John Wilton-Ely

Utopia or Megalopolis? The Ichnographia of Piranesi's Campus Martius Reconsidered

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Ichnographia Campus Martius     1st state

Ichnographia Campus Martius     2nd state

Piranesi's vast reconstructed plan, or Ichnographia, in his treatise Il Campo Marzio dell'Antica Roma of 1762 appeared at a key point in his theoretical and artistic development. Although this plan has recently been interpreted as a deliberate gesture of irrationality by the artist in reaction to contemporary tendencies in architectural design during the mid 18th century, the Ichnographia should, in fact, be read as a positive affirmation of confidence in the creative powers of the imagination.1 It is nothing less than a visual exhortation to modern architects to give full vent to creative licence through experiment in emulation of the ancient Romans. In this respect, therefore, the Ichnographia represents an artistic credo in defence of variety and formal complexity as opposed to the inflexible mentality and restrictive belief in simplicity, as Piranesi saw it, of avant-garde theorists such as Laugier, Winckelmann and their followers.2 If this monumental urban capriccio, therefore, is studied within the context of Piranesi's artistic development, such a positive Utopia should come as no surprise. On the contrary, the Ichnographia represents the logical outcome of certain deeply-rooted ideas first introduced some twenty years earlier by Piranesi in the Dedication of his Prima Parte di Architetture e Prospettive of 1743 on the threshold of an architectural career.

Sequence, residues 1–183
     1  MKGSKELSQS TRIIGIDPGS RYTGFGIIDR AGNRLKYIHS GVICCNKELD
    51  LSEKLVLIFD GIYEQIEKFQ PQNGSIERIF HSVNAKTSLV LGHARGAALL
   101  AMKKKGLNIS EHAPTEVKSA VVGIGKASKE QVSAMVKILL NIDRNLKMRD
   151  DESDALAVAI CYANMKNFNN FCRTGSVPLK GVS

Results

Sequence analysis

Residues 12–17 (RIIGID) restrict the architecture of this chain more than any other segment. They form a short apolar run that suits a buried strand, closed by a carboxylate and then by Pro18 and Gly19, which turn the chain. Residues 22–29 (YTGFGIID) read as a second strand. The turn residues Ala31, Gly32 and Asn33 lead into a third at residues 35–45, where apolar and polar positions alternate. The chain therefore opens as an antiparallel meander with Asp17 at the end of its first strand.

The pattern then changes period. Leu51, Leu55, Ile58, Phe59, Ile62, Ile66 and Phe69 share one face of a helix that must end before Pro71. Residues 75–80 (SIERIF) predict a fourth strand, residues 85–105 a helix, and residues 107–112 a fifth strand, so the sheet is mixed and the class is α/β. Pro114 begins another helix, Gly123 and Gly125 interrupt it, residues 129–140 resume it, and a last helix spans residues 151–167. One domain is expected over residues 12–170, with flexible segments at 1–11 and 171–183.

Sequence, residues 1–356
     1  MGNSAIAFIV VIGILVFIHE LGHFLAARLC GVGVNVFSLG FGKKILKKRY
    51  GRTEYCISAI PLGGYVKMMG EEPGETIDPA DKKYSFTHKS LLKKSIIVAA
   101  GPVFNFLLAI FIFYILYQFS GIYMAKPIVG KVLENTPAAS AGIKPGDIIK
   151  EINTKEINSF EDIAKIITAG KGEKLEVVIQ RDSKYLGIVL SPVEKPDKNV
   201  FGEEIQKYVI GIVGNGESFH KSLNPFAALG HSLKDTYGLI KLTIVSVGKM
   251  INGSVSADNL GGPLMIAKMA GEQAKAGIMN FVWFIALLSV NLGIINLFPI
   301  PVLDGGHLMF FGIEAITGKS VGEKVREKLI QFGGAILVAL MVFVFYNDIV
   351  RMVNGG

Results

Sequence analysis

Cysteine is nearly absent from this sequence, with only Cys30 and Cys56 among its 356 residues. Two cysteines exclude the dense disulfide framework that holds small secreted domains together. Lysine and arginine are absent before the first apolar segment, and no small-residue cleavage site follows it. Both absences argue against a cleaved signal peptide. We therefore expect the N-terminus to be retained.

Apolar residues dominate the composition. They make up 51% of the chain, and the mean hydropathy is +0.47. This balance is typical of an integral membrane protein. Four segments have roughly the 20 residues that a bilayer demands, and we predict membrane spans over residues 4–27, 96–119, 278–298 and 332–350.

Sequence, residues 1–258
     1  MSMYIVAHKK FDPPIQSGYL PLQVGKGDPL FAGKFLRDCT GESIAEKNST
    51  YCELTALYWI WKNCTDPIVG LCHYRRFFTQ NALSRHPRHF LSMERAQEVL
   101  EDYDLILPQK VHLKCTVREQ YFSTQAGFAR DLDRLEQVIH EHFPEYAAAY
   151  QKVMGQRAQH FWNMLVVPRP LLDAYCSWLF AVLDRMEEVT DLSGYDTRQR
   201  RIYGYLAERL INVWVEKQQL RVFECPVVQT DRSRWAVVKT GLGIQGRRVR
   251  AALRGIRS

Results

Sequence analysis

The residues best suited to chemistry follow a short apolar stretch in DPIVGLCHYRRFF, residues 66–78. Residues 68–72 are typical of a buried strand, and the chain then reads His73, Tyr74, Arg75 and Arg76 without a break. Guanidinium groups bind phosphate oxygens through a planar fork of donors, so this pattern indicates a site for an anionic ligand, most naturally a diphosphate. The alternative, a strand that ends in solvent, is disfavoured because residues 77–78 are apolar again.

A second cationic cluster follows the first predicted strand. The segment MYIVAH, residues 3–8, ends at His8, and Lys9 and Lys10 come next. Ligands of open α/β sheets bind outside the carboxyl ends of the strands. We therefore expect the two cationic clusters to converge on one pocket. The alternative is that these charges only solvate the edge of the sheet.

1   M. Tafuri, G. B. Piranesi. L'Architettura come «Utopia Negativa», «Angelus Novus», n. 20, gennaio 1971, pp. 89-127, republished as Giovan Battista Piranesi. L'utopie negative dans l'arcbitecture, «L'Architecture d'aujourd'hui», n. 184, mars/avril 1976; In., Progetto e Utopia. Architettura e Sviluppo Capitalistico, Bari 1973, pp. 16-23. Professor Tafuri develops certain ideas from the above and extends them further in II complesso di Santa Maria del Priorato sull' Aventino: «furor analiticus» in the exhibition catalogue Piranesi: Incisioni, Rami, Legature, Architetture (ed. A. Bettagno), Fondazione Giorgio Cini, Venice 1978, pp. 78 if.

2   The relationship between Piranesi's theoretical ideas and those of Laugier, Winckelmann and others was first examined in R. Wittkower, Piranesi's «Parere su l'Architettura», «Journal of the Warburg Institute», II, 1938-1939, pp. 147 ff. (reprinted as Piranesi's Architectural Creed in Studies in the Italian Baroque (ed. M. Wittkower), London 1975, pp. 235 ff.), This approach has been modified in L. Cochetti, L'opera teorica di Piranesi, «Commentari», VI, 1955, n. 1, p. 35 ff. and has been examined with particular reference to French neo-classical theory and design in J. Wilton-Ely, Vision and Design: Piranesi's «fantasia» and the Graeco-Roman controversy in Piranese et les Francais. Colloque tenu ą la Villa Medicis, 12-14 Mai, 1976 (ed. G. Brunel), Academic de France ą Rome, Rome 1978, pp. 529 ff.




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